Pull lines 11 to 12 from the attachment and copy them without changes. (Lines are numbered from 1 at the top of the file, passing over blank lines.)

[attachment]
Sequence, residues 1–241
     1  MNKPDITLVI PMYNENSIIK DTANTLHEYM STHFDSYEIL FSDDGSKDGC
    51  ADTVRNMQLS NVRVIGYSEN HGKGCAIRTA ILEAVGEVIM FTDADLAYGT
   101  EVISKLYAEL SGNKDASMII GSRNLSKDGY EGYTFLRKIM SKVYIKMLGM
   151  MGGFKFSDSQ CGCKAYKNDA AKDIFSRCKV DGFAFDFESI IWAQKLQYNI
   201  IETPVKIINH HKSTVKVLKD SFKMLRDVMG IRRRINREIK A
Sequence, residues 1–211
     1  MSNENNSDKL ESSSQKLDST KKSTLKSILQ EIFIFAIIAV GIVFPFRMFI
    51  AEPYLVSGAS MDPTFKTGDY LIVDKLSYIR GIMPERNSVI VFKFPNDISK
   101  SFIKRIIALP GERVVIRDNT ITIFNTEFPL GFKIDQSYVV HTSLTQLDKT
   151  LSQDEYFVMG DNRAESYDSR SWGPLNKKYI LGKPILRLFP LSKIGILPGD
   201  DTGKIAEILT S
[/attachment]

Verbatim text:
   151  LSQDEYFVMG DNRAESYDSR SWGPLNKKYI LGKPILRLFP LSKIGILPGD
   201  DTGKIAEILT S